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Navigating the Muni Bond Market
10/07/2011 3:00 pm EST
There are fewer opportunities in municipal bonds, which means investors need to closely examine the bonds before they buy, says Marilyn Cohen of Bond Smart Investor in this exclusive interview with MoneyShow.com.
Marilyn, for municipal bonds, is there any value left out there?
Barely, just barely. Yields are at generational lows, lower than when we had all those Wall Street Journal articles last August, and the issuance is down 40% from last year; so there are 40% fewer new issues.
Demand is pretty big, and the yields are really pretty limbo low. So 65% of my business is in munis, but they are a hard sub-asset class to love because of the yields.
How about the fact that state and local governments are going to be getting less money from the Federal government because of less spending? Does that mean that they are going to have to try and raise money through municipals?
Well, it means that the munis that are issued now by the issuers are going to have more problems, because with that lack of trickle down from the Federal government, states are going to have less money to trickle down to the schools, to the cities, to the counties.
It is going to be more of an austerity program, no question about it. So those issuers that are struggling now, I think the struggles are going to become far, far bigger over the next 12 to 18 months.
Does that mean we are going to see massive amounts of defaults?
I don’t think hundreds of billions of dollars, I don’t agree with that, but it means you better know what you own, and you better be able to connect the dots as to:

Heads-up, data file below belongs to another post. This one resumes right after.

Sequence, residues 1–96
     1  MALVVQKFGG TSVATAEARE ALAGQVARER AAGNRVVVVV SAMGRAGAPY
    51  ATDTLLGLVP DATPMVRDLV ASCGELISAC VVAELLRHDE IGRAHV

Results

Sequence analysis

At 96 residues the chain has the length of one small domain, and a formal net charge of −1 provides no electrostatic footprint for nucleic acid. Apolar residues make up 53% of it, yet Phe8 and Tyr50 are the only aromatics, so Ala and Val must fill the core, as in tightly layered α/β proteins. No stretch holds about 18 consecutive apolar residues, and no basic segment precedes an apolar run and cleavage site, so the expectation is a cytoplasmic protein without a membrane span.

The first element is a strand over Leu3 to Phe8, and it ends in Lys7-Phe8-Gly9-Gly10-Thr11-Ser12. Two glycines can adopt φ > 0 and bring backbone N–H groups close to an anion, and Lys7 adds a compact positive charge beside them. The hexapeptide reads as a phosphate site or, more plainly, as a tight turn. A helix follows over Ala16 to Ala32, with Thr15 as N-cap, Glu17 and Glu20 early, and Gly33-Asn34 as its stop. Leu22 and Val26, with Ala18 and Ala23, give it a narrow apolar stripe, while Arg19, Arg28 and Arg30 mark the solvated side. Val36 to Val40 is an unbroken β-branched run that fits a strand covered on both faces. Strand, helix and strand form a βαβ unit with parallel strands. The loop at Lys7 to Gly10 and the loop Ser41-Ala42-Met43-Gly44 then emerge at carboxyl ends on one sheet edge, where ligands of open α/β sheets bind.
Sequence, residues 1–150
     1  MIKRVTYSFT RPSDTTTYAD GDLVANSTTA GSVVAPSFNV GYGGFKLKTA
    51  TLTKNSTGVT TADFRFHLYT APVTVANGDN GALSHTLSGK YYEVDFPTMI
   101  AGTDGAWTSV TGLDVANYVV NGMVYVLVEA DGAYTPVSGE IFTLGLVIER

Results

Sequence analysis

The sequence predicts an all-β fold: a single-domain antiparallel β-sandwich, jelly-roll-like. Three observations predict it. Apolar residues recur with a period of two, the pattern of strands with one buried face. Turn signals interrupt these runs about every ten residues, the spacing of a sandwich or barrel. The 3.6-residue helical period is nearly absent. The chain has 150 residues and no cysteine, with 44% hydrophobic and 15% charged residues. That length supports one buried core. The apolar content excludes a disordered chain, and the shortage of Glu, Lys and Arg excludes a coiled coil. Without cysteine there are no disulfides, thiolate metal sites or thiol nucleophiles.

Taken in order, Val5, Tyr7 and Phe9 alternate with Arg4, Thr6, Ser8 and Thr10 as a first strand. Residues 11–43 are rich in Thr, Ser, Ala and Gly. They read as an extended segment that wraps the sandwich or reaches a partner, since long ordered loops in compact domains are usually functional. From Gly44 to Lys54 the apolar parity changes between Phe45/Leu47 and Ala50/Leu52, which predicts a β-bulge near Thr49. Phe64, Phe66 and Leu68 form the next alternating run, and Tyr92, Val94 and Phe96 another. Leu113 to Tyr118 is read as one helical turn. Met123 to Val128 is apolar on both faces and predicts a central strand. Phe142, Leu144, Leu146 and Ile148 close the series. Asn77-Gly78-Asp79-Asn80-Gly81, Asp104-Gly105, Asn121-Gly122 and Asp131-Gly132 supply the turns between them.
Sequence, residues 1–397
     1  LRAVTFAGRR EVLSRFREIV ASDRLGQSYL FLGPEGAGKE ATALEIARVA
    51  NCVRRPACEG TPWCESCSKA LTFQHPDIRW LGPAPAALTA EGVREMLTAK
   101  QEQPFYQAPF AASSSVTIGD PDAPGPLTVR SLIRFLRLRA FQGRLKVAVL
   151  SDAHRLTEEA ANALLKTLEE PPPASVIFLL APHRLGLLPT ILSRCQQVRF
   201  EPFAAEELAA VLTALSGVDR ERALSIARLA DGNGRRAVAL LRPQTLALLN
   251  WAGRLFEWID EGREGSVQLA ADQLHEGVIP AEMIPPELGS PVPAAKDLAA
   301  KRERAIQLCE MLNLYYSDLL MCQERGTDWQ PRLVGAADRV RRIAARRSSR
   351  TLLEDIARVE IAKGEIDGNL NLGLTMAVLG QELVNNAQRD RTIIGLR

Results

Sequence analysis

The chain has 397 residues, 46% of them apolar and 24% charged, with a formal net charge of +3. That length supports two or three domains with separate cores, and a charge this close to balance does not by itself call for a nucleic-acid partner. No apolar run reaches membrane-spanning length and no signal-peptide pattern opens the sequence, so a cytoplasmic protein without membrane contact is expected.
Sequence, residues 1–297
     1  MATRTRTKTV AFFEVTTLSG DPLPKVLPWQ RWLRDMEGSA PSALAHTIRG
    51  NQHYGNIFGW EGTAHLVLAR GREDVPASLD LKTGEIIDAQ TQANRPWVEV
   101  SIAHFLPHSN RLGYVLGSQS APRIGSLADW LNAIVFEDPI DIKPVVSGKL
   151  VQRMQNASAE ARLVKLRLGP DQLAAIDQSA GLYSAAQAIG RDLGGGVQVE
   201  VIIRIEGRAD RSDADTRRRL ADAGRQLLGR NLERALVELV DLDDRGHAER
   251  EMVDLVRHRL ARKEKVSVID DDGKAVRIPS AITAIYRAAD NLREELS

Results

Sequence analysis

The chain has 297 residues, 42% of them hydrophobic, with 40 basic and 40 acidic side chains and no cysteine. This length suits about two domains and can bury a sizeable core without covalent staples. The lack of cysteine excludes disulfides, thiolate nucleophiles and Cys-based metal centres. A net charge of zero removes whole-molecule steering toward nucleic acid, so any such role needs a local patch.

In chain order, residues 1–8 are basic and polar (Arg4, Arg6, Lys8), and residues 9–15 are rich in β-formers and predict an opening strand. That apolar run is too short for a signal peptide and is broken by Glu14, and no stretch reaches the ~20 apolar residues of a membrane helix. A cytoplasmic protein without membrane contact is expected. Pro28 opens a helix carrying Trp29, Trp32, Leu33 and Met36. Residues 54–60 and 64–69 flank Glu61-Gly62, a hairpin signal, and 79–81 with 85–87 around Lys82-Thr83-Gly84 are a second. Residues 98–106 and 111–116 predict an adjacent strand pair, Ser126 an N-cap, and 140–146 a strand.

- how is the interest is going to be paid
- what are the sources of the revenues
- how am I going to get paid
- and is there any safety net for me in between
That [last one] is called interest coverage. So in our credit matrix, we like to have issuers in which there is 1.25 times coverage minimum. That they have got money in their reserve fund, and they are not some kind of cockamamie convention center, hockey rink, or stadium.
So we are looking at general obligations, that sort of thing.
We are. We are looking at general obligations. I like revenue bonds too, because you have a lot of specific revenue bonds that don’t have the unfunded pension liability problems.
They don’t have to worry about whether the mothership is going to trickle down some of its mother’s milk to them—they do it on their own. It could be parking structures; it could be water and sewer; it could be airport revenue bonds. So I think a diversified portfolio, both as far as sectors and geographic diversification, is really important now.
Can we talk about the geographic diversification? It looks like all the states are having some problems. Is there any area or region that looks more attractive?
Well, there are some states that are more attractive as far as quality is concerned, but you know you are going to ask me to name those. The truth of the matter is that means their yields are even lower.
So I think that you can have a certain portion of your issues issued by your state and/or municipalities in your states. For the last 2 1/2 years, I have been spreading all of my geographic positions out, because I don’t know what I don’t know.
You don’t buy munis, you don’t invest in munis for a total return. You do it for safety and security. Why would I want anybody to have all Illinois or all California?
No, I am paying for conservative management, and that would not be conservative by any stretch of the imagination.
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